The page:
The Telecom Regulatory Authority of India –TRAI, has released a consultation paper on ‘Issues related to Advertisements in TV channels’, taking up a review of existing regulations on duration of advertisements and their format of presentation in television channels in India (Hat Tip – @b50). The authority has said that it has been receiving complaints as well as feedback from subscribers on the increasing duration and distracting formats of TV ads, which have affected the TV viewing experience. The TRAI has invited comments from various stakeholders: written comments on the issues raised in the consultation paper can be submitted till 27th
March, 2012, and counter-comments on the comments by 2nd April, 2012. The consultation paper will lead to a proposal which will make recommendations related to restricting and regulating the duration, frequency and timings of the advertisements, especially on pay channels, and will include:
– Prescribing upper limit for the duration of advertisements on clock hour basis.
– Different maximum limits for the duration of advertisements in FTA and Pay channels in a clock hour – According to the proposed recommendation, no FTA(free to air) channel shall carry advertisements exceeding 12 minutes in a clock hour. For pay channels, this limit shall be 6 minutes.
– Scheduling advertisement breaks only during the interruption in the sporting action, in case of telecast of live sporting events– The advertisements shall only be carried during the interruptions in the sporting action e.g. half time in football or hockey match, lunch/ drinks break in cricket matches, game/set change in case of lawn tennis etc.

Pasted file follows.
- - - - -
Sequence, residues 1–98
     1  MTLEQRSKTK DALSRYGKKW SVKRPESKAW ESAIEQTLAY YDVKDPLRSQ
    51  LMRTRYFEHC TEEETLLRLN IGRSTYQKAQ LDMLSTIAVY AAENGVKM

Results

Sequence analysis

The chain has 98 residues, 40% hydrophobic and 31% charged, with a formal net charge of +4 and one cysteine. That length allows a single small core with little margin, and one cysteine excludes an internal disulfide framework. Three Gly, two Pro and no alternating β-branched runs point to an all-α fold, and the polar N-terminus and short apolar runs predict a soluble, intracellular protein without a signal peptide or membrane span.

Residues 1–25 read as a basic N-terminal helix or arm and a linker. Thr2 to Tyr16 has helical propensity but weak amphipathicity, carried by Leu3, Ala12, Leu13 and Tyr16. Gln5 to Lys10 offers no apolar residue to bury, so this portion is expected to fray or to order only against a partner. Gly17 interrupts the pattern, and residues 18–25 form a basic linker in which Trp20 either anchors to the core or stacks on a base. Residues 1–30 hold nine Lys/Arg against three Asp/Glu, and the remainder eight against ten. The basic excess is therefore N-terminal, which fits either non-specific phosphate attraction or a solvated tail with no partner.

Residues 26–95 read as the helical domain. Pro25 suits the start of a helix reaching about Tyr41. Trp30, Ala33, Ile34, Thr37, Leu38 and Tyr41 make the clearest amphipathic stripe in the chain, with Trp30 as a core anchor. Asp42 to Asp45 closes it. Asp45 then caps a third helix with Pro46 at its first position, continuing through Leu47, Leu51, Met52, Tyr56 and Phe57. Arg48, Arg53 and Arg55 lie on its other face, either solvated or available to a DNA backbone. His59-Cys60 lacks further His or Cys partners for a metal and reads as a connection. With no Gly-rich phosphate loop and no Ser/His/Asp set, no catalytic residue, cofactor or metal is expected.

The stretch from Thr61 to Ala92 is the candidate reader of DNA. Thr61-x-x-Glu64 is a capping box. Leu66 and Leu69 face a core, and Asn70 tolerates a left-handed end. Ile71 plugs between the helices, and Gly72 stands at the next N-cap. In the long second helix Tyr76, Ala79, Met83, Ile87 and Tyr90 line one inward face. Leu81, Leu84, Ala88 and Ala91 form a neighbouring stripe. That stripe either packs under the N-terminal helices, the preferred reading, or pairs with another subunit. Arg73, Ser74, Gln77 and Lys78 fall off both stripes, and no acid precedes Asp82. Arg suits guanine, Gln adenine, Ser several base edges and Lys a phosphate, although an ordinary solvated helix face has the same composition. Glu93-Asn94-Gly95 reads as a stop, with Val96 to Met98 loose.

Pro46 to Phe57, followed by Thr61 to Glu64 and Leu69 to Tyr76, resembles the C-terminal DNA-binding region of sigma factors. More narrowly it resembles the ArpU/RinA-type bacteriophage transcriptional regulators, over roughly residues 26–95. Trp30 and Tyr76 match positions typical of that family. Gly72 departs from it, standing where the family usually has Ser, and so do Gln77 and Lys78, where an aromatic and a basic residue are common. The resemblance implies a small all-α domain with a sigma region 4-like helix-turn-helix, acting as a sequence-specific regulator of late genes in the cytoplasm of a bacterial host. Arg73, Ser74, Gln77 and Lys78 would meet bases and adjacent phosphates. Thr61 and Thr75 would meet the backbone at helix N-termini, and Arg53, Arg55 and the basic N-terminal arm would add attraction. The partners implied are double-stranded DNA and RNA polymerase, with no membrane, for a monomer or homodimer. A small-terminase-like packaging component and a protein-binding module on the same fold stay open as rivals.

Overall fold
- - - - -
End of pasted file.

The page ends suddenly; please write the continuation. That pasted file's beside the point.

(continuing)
– Defining time gaps between consecutive advertisements breaks during telecast of movies and other programmes– The 12 minutes of advertisements should not be in more than 4 sessions in one hour. In other words, there will be continuous airing of the TV show for at least 12 minutes each. Also, not more than three advertisement breaks shall be allowed during telecast of a movie with the minimum gap of 30 minutes between consecutive advertisement breaks.
– Permissibility of part screen advertisements– There shall only be full screen advertisements. Part screen advertisements will not be permitted. Drop down advertisements will also not be permitted.
– Prescribing screen area in case of news channels for running non-commercial scrolls, tickers – Channels will be allowed to run not more than two scrolls at the bottom of the screen and occupying not more than 10% of the screen space for carrying non-commercial scrolls, tickers.
– Prescribing audio level of advertisements viz-a-viz rest of the programmes- The audio level of the advertisements shall not be higher than the audio level of the programme.
According to the TRAI, the existing provisions prescribe that no programme shall carry advertisements exceeding 12 minutes per hour, which may include up to 10 minutes per hour of commercial advertisements, and up to 2 minutes per hour of a channel’s self – promotional programmes. It also provides that all advertisements should be clearly distinguishable from the programme and should not in any manner interfere with the programme viz., use of lower part of screen to carry captions, static or moving alongside the programme. However, it had observed that channels were not abiding by the rules. The TRAI has also said that some of the consumer organizations had also put forth the opinion that since they pay subscription fees for viewing pay channels, there is little justification for these channels to show advertisements.
It will be interesting to see the kind of responses the paper attracts, and what finally makes it to the TRAI’s list, at a time when the country is set to make a switch to digital broadcasting, wherein pay channels will not be able to justify excessive ads with the excuse that subscribers are under-reported. However, the TRAI will have to strike a balance, as subscription revenue alone cannot meet broadcasters’ expense, and the implications of its recommendations will affect a large number of stake holders including advertisers, media buyers, in addition to broadcasters.